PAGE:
Celebrating milestones: an important leadership practice

Published by Peter on

A lot of highly successful and highly productive people don’t put enough emphasis on celebrating milestones. In this week’s post, I’m going to celebrate a few of my own.

If you read to the end, you’ll see why this is important and why it isn’t just pure self-indulgence.

100 blog posts

Last week I published my 100th weekly blog post. That means that this is #101, and in three weeks I will have completed two years of posting new weekly content.

It started with a post about why I was quitting my job. At the time, I knew I wanted to post here regularly, but I hadn’t committed myself to any particular schedule or content type. It was just a vague notion. Two years later, here we are.

Every post is original. Every post is that week’s thought. Some have been better than others. It’s a lot of work. It takes a lot of time. Is it worth the effort?

This week, in this “celebrating milestones” post, I say that yes, it absolutely is worth the effort. A hundred weeks in a row of any activity is worth celebrating. I am not going to be my own Debbie Downer right now by talking about analytics, metrics, client acquisition, or anything else.

This is post #101. That’s enough for today.

First panel moderation at SFWC

After 15 years volunteering with the San Francisco Writers Conference, this year I moderated a panel for the first time.

All through my career I’ve moderated and spoken on panels, facilitated group discussions, and taught classes. So public speaking is nothing new for me.

“Ladies and gentlemen of the jury…”
(I’m just pointing out where the printed handouts are.)

What was new was that even though I’ve done my 10,000 hours several times over, I finally feel that I’m an expert with knowledge, wisdom, and perspective to share on topics of value to the this conference’s attendees.

Not because I’ve learned so much in the past year, but because I’ve stepped out and done so much more in the past year.

I launched my own publishing imprint. Taught two classes on self-publishing. Designed and published a new style of book using tools I hadn’t used before. My partner and I are very close to publishing another book together. And we’ve also spun up a multi-author collaborative project we’re incredibly excited about.

This panel is more than just one session well executed. It is also a representation of so much more personal and professional growth.

So it’s worth pausing, in the spirit of celebrating milestones.

500 NYT crossword puzzles solved in a row

I do the NYT crossword every day now. I’ve gotten to the point where the Monday puzzle takes less than 15 minutes. When I got to 50 in a row, I challenged myself to get to 100. Then I challenged myself to make it to a full year. Then I just kept going.

Sunday’s puzzle was my 500th solve in a row. I mean, so what? It’s a game. What’s the good of it, really?

I’m celebrating milestones, though, and this is a milestone, so it’s being celebrated. Even though it’s pretty pointless in the big picture.

Today: under 9 minutes.

Why bother celebrating milestones?

I was talking with a client this morning who suffers from a similar affliction as I do: momentum often outpaces intent.

What does that mean? We set out with a goal in mind, and by the time we achieve it, we have such momentum that we can’t do anything but look ahead to the next task, the next goal.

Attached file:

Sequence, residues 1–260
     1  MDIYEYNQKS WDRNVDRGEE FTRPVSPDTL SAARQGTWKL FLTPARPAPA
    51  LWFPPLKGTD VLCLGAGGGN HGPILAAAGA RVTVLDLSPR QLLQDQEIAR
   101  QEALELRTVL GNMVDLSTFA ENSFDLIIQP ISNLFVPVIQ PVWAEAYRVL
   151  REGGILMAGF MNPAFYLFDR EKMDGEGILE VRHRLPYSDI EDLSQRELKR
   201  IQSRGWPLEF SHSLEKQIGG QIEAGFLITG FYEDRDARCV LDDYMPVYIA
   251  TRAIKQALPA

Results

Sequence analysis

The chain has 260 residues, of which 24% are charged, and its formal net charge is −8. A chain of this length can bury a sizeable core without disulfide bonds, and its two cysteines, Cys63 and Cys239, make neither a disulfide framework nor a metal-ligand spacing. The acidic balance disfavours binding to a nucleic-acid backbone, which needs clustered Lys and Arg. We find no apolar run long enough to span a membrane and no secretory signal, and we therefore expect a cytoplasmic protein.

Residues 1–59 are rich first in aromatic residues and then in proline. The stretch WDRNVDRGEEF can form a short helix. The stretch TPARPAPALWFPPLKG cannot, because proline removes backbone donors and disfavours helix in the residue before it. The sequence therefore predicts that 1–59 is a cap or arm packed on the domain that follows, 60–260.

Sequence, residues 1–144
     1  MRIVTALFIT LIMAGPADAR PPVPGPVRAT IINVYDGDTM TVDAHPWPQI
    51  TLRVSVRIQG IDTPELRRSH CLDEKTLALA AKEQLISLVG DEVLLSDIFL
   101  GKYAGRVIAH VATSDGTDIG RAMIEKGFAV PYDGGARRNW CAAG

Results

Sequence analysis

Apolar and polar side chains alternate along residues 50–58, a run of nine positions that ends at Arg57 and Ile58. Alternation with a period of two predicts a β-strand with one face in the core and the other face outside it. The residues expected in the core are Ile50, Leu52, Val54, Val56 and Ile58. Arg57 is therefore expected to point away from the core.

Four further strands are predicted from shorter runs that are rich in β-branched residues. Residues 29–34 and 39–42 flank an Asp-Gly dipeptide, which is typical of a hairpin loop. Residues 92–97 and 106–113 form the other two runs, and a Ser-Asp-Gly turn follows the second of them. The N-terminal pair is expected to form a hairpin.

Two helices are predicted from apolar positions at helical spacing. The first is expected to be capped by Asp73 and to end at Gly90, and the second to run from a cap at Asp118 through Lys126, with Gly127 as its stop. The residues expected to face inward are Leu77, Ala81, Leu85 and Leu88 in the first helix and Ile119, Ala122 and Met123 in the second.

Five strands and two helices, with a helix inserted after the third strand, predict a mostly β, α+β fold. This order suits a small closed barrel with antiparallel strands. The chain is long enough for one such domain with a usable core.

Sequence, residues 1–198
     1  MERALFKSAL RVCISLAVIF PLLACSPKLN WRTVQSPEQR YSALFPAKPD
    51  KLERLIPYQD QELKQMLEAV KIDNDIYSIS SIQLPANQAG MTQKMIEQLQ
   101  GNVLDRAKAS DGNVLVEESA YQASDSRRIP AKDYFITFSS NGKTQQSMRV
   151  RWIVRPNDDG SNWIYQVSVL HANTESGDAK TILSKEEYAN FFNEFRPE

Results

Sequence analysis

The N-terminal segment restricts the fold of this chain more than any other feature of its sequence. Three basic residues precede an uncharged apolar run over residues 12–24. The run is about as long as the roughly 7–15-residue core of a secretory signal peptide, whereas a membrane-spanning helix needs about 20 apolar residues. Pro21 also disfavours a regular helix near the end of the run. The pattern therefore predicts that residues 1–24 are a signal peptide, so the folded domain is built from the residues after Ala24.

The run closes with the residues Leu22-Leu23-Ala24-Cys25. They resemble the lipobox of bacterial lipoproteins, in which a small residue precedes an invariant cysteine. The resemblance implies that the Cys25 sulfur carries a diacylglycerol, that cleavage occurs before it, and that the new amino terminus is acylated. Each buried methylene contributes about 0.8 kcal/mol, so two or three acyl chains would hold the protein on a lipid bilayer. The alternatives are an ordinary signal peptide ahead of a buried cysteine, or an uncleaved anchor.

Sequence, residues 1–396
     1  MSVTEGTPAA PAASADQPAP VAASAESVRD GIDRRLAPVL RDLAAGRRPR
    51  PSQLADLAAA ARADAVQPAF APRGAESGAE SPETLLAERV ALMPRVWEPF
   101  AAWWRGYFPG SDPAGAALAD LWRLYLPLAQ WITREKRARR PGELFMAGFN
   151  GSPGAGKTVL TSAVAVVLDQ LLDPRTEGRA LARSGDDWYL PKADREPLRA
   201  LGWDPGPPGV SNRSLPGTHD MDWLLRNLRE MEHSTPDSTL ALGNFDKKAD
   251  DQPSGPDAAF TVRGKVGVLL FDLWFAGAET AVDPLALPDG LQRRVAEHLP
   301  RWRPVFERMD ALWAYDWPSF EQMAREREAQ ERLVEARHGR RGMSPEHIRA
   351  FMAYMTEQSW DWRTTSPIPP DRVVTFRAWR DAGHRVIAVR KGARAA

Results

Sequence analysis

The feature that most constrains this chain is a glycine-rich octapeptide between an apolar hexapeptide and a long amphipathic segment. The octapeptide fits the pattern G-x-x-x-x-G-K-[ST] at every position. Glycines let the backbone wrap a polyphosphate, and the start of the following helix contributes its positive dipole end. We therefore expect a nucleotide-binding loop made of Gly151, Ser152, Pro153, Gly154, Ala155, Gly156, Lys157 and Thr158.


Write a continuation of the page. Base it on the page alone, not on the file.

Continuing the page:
We forget to honor our original intention. We forget about celebrating milestones as we fly past them at full speed. Momentum outpaces intent.

The result is that I can fall into a headspace where I feel like I’m constantly behind schedule. Even though I’m the one setting the schedule, and in fact I may be way ahead of my original intent.

So as we fly by the milestone, we may acknowledge it with a “hooray, but…” As in, “hooray for me for doing that, but there’s so much more to do.”

The “hooray” gets lost behind the “but.” Over time, that can become a difficult thing for high achievers, but it’s even harder for the people they lead.

Celebrating milestones is especially important for high-achievement leaders

I remember a time when one of the members of my team called me a Debbie Downer. Right there in a team meeting. In front of my whole team.

It surprised me, but she was right.

Peter is giving a thumbs-down like Debbie Downer, not celebrating milestones

Here I was, thinking of myself as measured and balanced, but I was so focused on not losing momentum that I was failing to give everyone on my team the much-deserved recognition and much-needed respite of a celebratory moment.

They didn’t need a party, or a paid vacation, or a trophy. They just needed me to pause for a minute and reflect on the success we’d had.

Instead of motivating them to greater things by keeping momentum high, my “hooray, but” attitude was bringing them down and exhausting everyone around me. In truth, it was exhausting me, too.

I think I’m good at recognizing individuals and the value they bring, but I’m less good at recognizing milestones as they’re achieved. It’s something I need to continuously pay attention to.

And I think a lot of highly effective, high-capacity, high-achieving leaders need to be aware of it in themselves, too. You may be exhausting your team rather than motivating them if you aren’t properly celebrating milestones.

I can help.

I work with top executives and middle managers to improve their leadership skills, their workplace culture, and the effectiveness of their teams. Also, I help individuals identify and achieve their personal goals. Would you like to become more aware, be more effective, be more empowered, and feel fully prepared for your next steps?

Let’s talk.

You can help.

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Stay super smart and well informed.

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Categories: Leadership


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